Where the hell did all those people come from and how did they get so good at what they do? Especially considering the framework from which they extract themselves.

  3. gingersoll July 3rd, 2011 10:08 pm

    James, I would say most of Japan's major artists and breakthrough talents are actually still working within the frame work of the artisan tradition.  What separates them is their flexibility.  They know how to bend certain rules and how to combine separate genre/traditions, but by and large they are still very much in step with their roots. 
    Then again, I maybe you can say that about anyone from any society who really comes along and rocks the boat.  If what they do is totally random and without connection to any previously established form, they probably go unnoticed because their work seems as garbled noise.  If however, they bend and stretch forms society understands, they can be recognized as genius.

  4. admin July 3rd, 2011 11:25 pm

    @exactly! That contradiction is what makes this country so special and endlessly interesting. Of course, even PhDs don’t have an answer to that question, but here’s my two cents: Japan’s world-famous pop culture comes from a) an emphasis on having good techniques, and b) a tradition of taking foreign concepts or images , Japan-ifying them (discarding their underlying contexts and philosophies) and collaging or layering them over one another to produce really complex artworks, thus giving Japanese creators an unmached treasure-trove of source material and a universally-recognizable brand at the same time.

  5. François July 17th, 2011 6:02 am

    Dee-amn, you hit hard on the "japanifying" process, dontcha?
    Gotta admit the truth in it, though. Never saw a hippy or a punk or an office worker looking more the part than here, and at the same time:
    – J-hippies do shower but don't smoke weed
    – J-punks are… well, reading your reviews will be better than my two cents on this.
    – salarymen take all the elegance out of the suit, plus even people that never ever meet customers still have to have a suit & tie in their over-ACed offices, sitting their butt in front of a computer all day. WTF.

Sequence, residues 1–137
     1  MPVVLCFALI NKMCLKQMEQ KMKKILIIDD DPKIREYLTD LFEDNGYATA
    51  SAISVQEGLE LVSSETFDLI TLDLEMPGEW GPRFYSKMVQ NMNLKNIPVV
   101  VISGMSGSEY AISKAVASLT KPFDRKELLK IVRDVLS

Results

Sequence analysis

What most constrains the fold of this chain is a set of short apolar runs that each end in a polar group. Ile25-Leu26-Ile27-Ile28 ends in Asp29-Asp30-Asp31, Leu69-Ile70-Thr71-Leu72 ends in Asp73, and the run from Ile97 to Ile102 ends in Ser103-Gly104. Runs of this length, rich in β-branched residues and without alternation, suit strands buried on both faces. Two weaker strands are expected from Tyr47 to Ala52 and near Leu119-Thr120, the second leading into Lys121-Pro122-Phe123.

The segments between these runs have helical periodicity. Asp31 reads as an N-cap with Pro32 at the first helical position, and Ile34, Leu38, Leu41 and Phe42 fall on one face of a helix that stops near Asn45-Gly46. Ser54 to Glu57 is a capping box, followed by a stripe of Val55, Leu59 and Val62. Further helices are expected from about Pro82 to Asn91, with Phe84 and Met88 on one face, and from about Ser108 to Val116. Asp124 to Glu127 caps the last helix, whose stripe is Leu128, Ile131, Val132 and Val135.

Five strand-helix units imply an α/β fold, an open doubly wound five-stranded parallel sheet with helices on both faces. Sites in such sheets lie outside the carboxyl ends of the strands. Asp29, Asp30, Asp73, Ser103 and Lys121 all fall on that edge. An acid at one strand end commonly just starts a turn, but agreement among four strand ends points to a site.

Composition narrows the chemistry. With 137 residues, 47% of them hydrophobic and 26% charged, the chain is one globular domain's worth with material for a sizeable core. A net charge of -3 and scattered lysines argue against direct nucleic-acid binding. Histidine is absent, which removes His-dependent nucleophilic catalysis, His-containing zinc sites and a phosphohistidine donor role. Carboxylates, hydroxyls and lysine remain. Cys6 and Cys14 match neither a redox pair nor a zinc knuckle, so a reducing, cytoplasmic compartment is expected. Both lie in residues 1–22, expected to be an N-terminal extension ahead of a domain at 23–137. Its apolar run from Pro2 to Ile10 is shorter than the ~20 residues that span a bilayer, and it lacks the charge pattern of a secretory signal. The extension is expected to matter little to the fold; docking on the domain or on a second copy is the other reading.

etcaetera.

  6. AnokPanda July 26th, 2011 2:18 pm

    art versus artisans is a huge conversation, I'll just say i have pet peeve towards everyone thinking they are an artist no matter what they are doing ie subway "sandwich artists" I think my only real worth while addition to the discussion is that I've heard, and the argument I heard made sense, that china is home to a remarkable amount of child prodigy artists due to an early in life scripted regiment of drilling and copying master works of the past. they kick ass in famous forgeries! It seems japan has some similar ideals/practices. famous post relevant thought: manga….a studio of artists work at meth speed copying the style of the sensei, and if lucky go on to solo careers making a hundred other mangas that exactly the fucking same.

  7. […] Ceci fait, nous pouvons procéder à l’analyse pure. Pourquoi ment-t-on ? Pour assurer soit sa réputation, soit sa fortune (évidemment). Les attitudes des sociétés envers ces deux commodités forment deux continuum. Afin de rendre mon explication plus claire, j’ai construit un schéma fondé sur les champs de force bordieusiens. L a partie aristocratique/révolutionnaire j’ai inventé moi-même, la partie marchand/artisan, j’ai volé d’ici : http://www.hellodamage.com/top/2011/07/02/yamamoto-and-artisan-vs-hustle/.  […]